Last week I wrote about the Katrina Cottages, which where used to help address the need for housing after Hurricane Katrina. I then found this designer who talks about how FEMA addressed housing need before these where built. We used camper trailers, according to this article:
102,000 travel trailers and mobile homes that FEMA purchased after Hurricane Katrina. The price tag for the trailers was more than $2.6 billion, according to FEMA. Despite their cost of about $15,000 each
FEMA later sold those trailers for $1-$2, yes, one to two dollars each! Anyway, this designer thought there had to be a better way and putting aside the fact that FEMA should have thought of this before, here is what he came up with.
The EXO House is a temporary structure used to house refugees and disaster victims quickly for much less than $15k. I was thinking what could we achieve with these for homeless folks?!?!
We have had several readers write in about house trucks, which isn’t a new concept by any means, but perhaps a precursor to tiny houses? They have a certain charm to them that RV’s lack and makes me think of gypsies for some reason. Anyway, there is some romantic appeal to them that I can’t put my finger on but regardless they represent a subculture in the Tiny House Community.
The Morisons exhibited their self-sufficient wooden house-truck, customized from a decommissioned fire engine and containing, next to a stove and pot plants, a library of apocalypse-themed fiction. Tales of Space and Time, as it was called, embodied a jauntily over-optimistic attitude to surviving the end of the world, simultaneously mocking the ‘art will save us all’ attitude of some contemporary civic reformists. Art won’t save Folkestone. I hope something does though – something real, something solid.
Jonathan Griffin, Folkestone Triennial, Frieze, Issue 117 September 2008
Ivan Morison: What made you build your first truck?
Roger Beck: The first one I call my escape vehicle! I grew up in LA, a metropolitan, screwy city. And so it just got to the point where I just had to get out. So I left a whole bunch of stuff I didn’t want to get rid of at my parent’s house and got into my first house car and headed north. I couldn’t head south ’cause I had long hair and didn’t want to cross the Mexican border; I couldn’t go any further west; the east coast was nothing more than big cities to me and so I decided to go to Canada!
So, it was my escape route. I got to Oregon and then I did a stupid thing. Me and a friend ripped a tape deck out of a logging truck and I was arrested the same day and I was put on five-years probation. And in those five years I built my second house-truck that had a lot of problems. I drove it to California again to see my parents and my father and I built my third truck. He really helped me build a house on the back of a truck. I travelled most of my travels in that one.
I had the idiosyncrasy of trying to distinguish myself as a New Age American Gypsy and not a hippy living in a school bus with a bunch of mattresses in the back. That’s not a house-truck, that’s because you’re homeless and you can’t afford to live in an apartment, which you’d prefer to do. I had no desire to live in a house. I had my house; it was just on wheels.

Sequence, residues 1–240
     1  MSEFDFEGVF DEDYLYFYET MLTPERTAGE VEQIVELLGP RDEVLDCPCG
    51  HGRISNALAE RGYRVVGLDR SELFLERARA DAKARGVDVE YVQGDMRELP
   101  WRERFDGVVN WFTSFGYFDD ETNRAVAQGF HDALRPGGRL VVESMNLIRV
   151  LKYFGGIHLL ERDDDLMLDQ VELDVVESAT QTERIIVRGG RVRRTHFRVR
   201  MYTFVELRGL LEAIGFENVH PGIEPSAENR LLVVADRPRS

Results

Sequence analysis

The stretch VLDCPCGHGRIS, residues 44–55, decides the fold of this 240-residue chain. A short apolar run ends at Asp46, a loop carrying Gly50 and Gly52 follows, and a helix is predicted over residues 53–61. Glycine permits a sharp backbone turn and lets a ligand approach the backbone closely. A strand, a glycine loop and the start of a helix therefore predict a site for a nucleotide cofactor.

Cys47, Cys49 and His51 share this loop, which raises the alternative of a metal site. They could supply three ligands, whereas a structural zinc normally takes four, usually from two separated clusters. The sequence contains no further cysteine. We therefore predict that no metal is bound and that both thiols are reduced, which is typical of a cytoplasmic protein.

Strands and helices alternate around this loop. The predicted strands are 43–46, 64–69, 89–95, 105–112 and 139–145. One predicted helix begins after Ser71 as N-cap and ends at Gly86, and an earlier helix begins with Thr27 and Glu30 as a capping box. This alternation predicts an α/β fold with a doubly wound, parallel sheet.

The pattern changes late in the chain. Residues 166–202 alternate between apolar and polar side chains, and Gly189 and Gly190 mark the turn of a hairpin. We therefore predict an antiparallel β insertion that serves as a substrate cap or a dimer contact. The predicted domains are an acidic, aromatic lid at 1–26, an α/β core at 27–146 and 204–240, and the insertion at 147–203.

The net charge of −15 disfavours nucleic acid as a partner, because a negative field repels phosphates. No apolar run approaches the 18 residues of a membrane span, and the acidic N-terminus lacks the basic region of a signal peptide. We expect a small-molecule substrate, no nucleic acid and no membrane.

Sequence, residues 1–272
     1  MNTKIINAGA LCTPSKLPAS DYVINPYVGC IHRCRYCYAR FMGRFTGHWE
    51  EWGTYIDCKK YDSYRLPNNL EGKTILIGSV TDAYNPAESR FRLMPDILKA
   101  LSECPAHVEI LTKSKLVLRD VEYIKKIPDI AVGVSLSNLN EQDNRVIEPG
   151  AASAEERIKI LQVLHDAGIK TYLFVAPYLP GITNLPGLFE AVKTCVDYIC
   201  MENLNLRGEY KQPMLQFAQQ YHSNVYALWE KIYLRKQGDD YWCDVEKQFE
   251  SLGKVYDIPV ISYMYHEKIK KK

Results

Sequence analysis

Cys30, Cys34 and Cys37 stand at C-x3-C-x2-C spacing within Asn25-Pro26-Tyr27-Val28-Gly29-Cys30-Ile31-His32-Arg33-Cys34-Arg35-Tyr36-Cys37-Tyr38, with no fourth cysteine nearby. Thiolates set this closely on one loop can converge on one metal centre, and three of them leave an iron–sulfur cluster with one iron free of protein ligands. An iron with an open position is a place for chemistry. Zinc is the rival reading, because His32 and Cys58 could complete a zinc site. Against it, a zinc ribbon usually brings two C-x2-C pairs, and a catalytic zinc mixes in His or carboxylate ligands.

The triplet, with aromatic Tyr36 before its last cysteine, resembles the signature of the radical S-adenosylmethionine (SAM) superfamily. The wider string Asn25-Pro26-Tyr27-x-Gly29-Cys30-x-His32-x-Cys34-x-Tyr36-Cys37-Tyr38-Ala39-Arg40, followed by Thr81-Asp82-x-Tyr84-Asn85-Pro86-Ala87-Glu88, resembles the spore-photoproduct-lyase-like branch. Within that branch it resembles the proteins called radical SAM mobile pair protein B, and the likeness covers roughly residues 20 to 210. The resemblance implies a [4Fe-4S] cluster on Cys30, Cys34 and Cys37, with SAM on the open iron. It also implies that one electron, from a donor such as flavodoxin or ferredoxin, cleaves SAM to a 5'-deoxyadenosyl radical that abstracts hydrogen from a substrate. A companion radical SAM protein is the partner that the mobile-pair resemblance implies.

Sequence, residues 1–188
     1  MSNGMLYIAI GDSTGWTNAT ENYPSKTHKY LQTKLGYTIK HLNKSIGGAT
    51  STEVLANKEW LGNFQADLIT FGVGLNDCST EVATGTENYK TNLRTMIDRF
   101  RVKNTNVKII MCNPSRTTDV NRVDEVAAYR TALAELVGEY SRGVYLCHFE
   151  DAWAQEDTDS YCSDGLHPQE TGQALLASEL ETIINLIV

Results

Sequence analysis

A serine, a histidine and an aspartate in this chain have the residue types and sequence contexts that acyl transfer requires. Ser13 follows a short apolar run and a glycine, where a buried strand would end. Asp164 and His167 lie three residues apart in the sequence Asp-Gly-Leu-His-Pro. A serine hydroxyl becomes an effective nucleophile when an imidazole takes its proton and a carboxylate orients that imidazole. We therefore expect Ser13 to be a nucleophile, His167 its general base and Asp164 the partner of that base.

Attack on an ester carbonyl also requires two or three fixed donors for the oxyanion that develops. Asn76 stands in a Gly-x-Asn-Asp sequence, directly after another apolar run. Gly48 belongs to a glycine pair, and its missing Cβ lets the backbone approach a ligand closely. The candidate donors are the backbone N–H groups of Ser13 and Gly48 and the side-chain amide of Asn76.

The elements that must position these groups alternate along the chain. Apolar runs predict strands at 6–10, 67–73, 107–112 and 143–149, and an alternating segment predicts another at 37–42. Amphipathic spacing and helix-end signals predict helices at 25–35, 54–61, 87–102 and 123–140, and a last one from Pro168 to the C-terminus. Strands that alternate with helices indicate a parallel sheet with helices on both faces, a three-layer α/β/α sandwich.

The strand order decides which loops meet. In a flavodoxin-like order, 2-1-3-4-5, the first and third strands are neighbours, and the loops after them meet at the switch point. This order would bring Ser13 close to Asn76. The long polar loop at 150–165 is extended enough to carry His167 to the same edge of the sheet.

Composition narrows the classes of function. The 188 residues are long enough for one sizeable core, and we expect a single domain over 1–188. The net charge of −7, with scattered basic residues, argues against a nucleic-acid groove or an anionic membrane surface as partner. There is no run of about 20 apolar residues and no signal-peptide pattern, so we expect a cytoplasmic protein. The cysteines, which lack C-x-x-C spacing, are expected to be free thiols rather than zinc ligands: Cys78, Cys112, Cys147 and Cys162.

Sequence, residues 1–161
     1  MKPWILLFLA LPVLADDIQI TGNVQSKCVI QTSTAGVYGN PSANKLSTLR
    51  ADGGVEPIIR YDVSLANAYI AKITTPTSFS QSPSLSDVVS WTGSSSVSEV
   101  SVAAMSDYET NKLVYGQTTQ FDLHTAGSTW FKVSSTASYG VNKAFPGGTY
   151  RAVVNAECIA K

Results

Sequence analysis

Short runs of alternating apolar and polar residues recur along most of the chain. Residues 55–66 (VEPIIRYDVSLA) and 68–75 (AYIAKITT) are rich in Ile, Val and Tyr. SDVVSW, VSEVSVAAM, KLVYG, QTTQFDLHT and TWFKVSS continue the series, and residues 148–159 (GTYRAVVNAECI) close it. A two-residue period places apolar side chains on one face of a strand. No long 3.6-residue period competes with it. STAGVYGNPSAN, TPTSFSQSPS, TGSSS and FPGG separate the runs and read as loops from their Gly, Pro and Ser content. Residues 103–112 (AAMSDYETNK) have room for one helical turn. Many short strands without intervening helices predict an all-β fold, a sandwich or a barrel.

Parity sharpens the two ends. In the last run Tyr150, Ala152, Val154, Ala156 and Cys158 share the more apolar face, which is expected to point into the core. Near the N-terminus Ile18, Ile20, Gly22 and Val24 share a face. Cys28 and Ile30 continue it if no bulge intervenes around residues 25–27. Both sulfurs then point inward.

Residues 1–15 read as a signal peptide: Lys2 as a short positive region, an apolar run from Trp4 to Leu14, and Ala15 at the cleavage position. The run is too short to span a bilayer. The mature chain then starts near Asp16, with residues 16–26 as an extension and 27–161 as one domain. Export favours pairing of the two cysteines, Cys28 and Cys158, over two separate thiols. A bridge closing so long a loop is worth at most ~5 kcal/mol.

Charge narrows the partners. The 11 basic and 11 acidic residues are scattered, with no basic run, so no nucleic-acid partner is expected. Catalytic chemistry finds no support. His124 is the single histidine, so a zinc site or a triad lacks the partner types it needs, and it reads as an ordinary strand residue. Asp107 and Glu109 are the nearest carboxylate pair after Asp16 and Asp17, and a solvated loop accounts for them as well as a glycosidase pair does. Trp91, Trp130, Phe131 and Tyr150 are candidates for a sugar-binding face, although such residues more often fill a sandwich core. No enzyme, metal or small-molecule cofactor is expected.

Ivan: Was there anyone doing this before you in America?
Roger: For me, when you think about house trucks you’ve got to go back to the depression. People were living in rigs because they couldn’t afford to live anywhere else.
I have seen these around, they are sort of similar to shot-gun style houses, which I have toyed with as an option. This model is 308 square feet and can be built very quickly. They were used in Katrina to rebuild or simply start from scratch, some neighborhoods. I like the simplicity of it and yet they are very attractive looking. Here is what Lowe’s has to say about them:
Originally designed as a dignified alternative to the FEMA trailer, the Katrina Cottage has evolved into a nationwide sensation that is finding popularity as affordable housing, guesthouses, resorts and camps. Marianne Cusato and a team of designer have partnered with Lowe’s to bring the Katrina Cottages to market at plans and material packages. Cottages in the Lowe’s series range from 308 ft. up to 1800 sq. ft. Several of the cottages have grow options that allow the smaller cottages to be expanded over time.
The construction time of a Katrina Cottage is dependant on the style and type of cottage being built. A cottage can be done in as little as 6 weeks, but variables, such as weather, may come into play. Always talk with your contractor when working out build timelines.
Many of us have heard, seen or been in the Tiny hotel rooms of Japan. They are basically just a 10x5x5 cube that you can rent for $45, which is a steal for Japan. I found this Tiny Hotel to me a bit more aesthetically pleasing. This is a single room in Germany.
I have once been in one similar in Austria, it was amazingly comfortable and had its own bathroom and shower! A little tip for when you are traveling and trying to save a a few Euros; The bathroom is considered a luxury and you can ask if they have rooms without bathrooms, this will save you about 10 to 25 Euros! The downside is of course that you have to shave a bathroom down the hall, but its worth it. Of course there are hostels too, which I highly recommend, but do your research. Anyway, back to the Tiny Hotel, check out this room and compare it to one you would find in America.